A complaint about an ethnic offensive to a Japanese American has motivated Kansas to remember hundreds of license plates that include the "JAP" random letter combination.
The issue arose in October 2017 when Keith Kawamoto, 70, saw a Kansas license plate near his Los Angeles home and took a picture of it. Kawamoto wrote several letters to Kansas officials, including Government Jeff Colyer.
"I let them know that it is considered a very racist scream and I do not think that it should be allowed anywhere," said Kawamoto.
Kansas motor vehicle departments apologized, but Kawamoto wanted Kansas to have all the plates that included the combination of three letters that were recorded.
The Pacific Citizen, the American American Citizens' Alliance newspaper, first shot Kawamoto's shot of the Kansas plate.
When Barbara Johnson, a 67-year-old Japanese-American woman living in Abilene, Kansas, told the story of the Pacific Citizen, he said he was bringing back memories of childhood.
"It was not a good time to be Japanese because of Pearl Harbor and the Second World War," said Johnson. "I remember amazingly as a child was called" Jap "and how it made me feel small and hurt by getting Call it that. "
Johnson acknowledged that Kansas officials did not probably know "what it means no longer because it's in the Second World War, a few generations ago."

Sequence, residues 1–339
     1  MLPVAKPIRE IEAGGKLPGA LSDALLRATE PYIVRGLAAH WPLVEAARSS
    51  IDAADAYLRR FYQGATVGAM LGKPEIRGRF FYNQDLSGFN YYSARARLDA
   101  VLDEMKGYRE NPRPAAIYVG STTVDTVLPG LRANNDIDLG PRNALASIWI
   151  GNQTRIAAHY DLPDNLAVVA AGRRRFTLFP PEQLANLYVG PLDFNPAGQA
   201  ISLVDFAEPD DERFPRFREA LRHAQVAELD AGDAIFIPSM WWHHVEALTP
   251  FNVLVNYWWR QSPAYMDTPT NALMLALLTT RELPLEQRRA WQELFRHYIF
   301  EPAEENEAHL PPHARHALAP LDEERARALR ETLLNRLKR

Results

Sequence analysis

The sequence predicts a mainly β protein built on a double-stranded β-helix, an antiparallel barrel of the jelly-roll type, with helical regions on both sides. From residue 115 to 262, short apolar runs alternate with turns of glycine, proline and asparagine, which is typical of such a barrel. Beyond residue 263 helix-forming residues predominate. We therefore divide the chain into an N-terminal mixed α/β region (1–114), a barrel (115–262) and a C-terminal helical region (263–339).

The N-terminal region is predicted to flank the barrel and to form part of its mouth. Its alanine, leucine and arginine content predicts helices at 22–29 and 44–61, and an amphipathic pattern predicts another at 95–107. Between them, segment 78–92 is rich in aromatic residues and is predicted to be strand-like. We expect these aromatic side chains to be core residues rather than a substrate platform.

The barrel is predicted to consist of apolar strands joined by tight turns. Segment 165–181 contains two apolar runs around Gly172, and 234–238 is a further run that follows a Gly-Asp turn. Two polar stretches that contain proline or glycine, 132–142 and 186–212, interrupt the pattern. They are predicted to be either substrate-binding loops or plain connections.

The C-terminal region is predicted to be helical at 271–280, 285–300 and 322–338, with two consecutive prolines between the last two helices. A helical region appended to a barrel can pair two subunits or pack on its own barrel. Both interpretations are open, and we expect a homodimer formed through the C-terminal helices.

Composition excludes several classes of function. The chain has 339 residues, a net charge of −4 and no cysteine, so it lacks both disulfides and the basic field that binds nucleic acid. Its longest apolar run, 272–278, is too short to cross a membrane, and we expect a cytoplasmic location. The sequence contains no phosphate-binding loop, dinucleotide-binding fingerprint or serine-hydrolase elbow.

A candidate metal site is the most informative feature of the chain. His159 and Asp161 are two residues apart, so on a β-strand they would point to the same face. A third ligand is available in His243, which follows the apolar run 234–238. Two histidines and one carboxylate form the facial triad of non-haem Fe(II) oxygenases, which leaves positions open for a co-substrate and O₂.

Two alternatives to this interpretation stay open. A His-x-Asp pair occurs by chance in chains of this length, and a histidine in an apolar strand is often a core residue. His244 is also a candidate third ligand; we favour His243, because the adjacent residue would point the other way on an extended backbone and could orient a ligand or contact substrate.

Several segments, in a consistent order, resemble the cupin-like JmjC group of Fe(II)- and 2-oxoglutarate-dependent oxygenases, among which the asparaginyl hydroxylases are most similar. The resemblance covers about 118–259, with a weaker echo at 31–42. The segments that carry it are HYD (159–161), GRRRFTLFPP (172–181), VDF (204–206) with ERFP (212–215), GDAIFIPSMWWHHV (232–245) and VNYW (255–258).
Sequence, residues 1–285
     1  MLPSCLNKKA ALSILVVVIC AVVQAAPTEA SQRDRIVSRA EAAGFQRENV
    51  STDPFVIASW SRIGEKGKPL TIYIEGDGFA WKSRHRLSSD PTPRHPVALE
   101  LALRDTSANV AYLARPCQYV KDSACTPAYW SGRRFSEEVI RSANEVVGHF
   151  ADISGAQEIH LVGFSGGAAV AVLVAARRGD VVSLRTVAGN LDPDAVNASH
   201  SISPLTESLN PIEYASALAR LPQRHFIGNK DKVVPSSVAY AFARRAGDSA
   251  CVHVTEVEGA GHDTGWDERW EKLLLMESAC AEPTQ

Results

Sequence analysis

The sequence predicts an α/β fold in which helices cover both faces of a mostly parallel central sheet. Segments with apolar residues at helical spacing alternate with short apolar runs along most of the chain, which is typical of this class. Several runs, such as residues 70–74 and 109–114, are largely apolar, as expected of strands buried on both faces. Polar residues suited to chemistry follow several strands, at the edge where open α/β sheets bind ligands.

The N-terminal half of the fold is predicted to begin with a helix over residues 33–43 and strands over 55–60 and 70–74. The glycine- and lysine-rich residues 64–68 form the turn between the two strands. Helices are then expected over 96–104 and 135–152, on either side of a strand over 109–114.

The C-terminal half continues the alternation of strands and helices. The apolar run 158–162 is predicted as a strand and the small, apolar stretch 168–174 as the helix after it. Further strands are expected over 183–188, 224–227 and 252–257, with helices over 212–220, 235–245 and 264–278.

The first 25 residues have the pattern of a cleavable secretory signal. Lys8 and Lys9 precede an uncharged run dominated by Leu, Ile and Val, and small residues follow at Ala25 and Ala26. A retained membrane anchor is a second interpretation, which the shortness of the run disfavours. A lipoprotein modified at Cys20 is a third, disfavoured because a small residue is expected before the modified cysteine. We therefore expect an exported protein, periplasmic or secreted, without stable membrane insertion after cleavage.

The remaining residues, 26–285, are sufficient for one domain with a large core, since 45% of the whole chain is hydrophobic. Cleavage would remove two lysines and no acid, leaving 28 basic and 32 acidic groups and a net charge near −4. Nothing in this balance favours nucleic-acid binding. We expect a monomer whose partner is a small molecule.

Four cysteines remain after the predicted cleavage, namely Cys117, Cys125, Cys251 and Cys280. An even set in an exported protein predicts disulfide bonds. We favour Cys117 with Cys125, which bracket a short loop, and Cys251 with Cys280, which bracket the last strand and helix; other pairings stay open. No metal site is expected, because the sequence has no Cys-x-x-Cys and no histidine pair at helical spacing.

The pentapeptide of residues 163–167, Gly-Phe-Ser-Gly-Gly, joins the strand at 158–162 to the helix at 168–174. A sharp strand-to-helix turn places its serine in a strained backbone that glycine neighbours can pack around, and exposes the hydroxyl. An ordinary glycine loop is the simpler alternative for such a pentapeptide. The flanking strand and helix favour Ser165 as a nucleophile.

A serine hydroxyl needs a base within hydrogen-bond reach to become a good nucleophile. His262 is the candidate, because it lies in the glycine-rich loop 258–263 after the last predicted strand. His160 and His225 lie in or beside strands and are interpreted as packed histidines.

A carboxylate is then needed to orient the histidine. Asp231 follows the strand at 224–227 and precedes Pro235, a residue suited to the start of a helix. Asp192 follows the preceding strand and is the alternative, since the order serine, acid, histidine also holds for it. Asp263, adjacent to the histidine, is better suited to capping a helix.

With Rick's husband, the couple of Kansas decided to do what Kawamoto had not got: getting the plates called off and off.
Rachel Whitten, spokesman for the Kansas Revenues Department, said that the matter had come before the departmental review board, who made the decision last month to remove any current license plates with the letters and stop using it in the plates in the future
"She was very pleased to know that someone in the government who was ready to hear our story side and to recognize and act proactively on it was as fast as he did, "said Rick Johnson.
The Kansas Revenue Department reported that there were 731 active registrations that included the random letter combination on standard license plates. A letter of vehicle owners dated Tuesday was sent asking them to return the plate to their county vehicle office within 30 days of resetting at no cost.
This Associated Press contributed to this report.